What is the Due Diligence Process in Real Estate Transactions?

What is due diligence, what is it for, and what difficulties will this procedure help to warn you about when concluding real estate transactions? In this article, we will try to answer these questions.

Legal aspects of preparing due diligence when purchasing real estate

If you decide to buy or invest in a real estate object to create a business or purchase a ready-made business, you should order due diligence of the object you like before making a purchase. This will help to avoid unforeseen circumstances and make the transaction safe and profitable for you.

The purpose of due diligence is to identify legal risks and potential problems that may arise if an investor purchases specific property or corporate rights, as well as to determine ways to minimize them. Due diligence is a comprehensive check of the object before the transaction. The procedure includes several examinations:

  • legal
  • financial
  • tax
  • technical
  • and, of course, conducting an investment risk assessment.

As a rule, due-deal is carried out after the conclusion of a preliminary agreement or before signing a contract of sale. If the inspection reveals defects not specified by the seller, the buyer can take the deposit and withdraw from the transaction.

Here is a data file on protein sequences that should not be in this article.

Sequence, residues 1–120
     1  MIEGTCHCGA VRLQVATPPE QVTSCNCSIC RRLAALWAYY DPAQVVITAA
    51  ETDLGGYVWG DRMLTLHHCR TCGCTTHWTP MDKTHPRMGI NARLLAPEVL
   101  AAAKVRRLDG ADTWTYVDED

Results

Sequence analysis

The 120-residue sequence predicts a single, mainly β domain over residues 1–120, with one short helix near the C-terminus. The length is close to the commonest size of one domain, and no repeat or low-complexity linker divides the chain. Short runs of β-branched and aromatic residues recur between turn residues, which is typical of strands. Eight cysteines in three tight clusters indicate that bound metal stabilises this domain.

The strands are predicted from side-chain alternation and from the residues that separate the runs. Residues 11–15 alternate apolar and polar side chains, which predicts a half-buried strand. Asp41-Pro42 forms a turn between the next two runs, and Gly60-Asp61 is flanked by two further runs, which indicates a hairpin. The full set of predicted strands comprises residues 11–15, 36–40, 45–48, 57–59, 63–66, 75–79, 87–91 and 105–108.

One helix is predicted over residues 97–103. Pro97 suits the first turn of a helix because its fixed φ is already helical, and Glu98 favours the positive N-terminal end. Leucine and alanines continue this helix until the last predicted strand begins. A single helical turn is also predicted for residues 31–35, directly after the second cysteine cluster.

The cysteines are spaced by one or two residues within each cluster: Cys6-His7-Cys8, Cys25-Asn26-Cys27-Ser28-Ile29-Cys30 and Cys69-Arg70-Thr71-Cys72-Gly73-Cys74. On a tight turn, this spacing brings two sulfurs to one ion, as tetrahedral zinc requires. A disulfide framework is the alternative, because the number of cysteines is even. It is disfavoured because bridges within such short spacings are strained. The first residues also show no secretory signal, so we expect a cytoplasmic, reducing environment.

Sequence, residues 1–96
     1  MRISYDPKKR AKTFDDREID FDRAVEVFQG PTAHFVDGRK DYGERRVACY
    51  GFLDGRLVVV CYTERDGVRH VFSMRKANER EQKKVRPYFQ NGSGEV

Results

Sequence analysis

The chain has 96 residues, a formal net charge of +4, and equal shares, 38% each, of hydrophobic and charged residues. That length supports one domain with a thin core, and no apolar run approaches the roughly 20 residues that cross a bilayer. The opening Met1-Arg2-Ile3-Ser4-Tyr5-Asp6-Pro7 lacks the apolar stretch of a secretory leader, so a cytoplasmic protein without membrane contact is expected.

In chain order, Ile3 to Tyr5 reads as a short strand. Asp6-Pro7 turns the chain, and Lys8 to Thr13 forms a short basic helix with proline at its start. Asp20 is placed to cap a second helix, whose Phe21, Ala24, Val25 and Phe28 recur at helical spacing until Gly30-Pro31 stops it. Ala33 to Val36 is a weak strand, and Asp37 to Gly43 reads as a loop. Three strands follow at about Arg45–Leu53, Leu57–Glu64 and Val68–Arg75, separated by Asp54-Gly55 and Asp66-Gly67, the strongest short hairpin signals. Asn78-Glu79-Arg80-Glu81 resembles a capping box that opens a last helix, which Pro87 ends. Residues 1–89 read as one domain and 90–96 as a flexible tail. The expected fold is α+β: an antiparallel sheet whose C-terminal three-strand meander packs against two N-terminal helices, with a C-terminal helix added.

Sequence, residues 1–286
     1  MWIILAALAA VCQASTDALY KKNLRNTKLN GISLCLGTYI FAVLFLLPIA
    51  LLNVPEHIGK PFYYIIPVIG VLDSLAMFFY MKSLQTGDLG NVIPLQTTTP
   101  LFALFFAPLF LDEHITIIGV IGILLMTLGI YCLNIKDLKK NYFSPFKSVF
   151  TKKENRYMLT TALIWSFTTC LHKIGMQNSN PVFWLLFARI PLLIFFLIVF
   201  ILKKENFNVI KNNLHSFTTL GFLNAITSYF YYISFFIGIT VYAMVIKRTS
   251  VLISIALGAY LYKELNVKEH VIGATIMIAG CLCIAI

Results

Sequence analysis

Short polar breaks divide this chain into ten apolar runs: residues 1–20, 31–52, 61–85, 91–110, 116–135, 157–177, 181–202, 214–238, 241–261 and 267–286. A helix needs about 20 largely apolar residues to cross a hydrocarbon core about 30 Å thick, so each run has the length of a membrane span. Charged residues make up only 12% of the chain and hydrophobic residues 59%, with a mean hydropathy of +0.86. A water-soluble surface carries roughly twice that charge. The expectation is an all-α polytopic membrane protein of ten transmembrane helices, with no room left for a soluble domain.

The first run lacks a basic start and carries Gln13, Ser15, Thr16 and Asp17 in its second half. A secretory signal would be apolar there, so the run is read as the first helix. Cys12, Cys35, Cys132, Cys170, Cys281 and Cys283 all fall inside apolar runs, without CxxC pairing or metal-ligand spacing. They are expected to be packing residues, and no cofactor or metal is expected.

Before concluding transactions for the sale and purchase of single property complexes, including real estate and land, and vacant land plots of a significant area for development, it is necessary to conduct full due diligence of real estate rights. If the rights to land and real estate are acquired by purchasing the corporate rights of the seller's legal entity, a full audit of its activities is carried out.

What are the risks involved in buying real estate?

Any seller, since he is parting with his property, is interested in selling it quickly and as profitably as possible. Therefore, in the announcement of the sale, he will focus on the advantages of the object and possibly hush up many of the "nuances". An unscrupulous seller may remain silent about them until the conclusion and registration of the contract.

As a result, after some time, a new property may present you with difficulties that you did not even know about. For example, it might turn out that:

  • the object is claimed by third parties who are ready to challenge your rights in court;
  • the transaction was concluded without the consent of the person whose signature on the sales contract is required by law;
  • the object was built in violation of the law or illegal redevelopment took place;
  • the purchased property has encumbrances or restrictions on the rights of use;
  • a huge debt on utility bills, taxes, or other debts "hangs" at the facility;
  • the business is far from being as promising in terms of income and payback as the former owner claimed;
  • the seller had no rights to the property at all, which he managed to sell.

Each of these facts is a good reason to refuse a deal, and for adventurers – a reason to significantly bring down the price. Therefore, you should not rely on the honesty of the seller, it is better to check the object for the presence of all these "nuances".

Besides, in practice, it is difficult to independently understand the legal, financial, technical documentation of an unfamiliar enterprise. Therefore, prudent buyers involve professionals: appraisers, notaries, lawyers, tax consultants, and other highly specialized experts.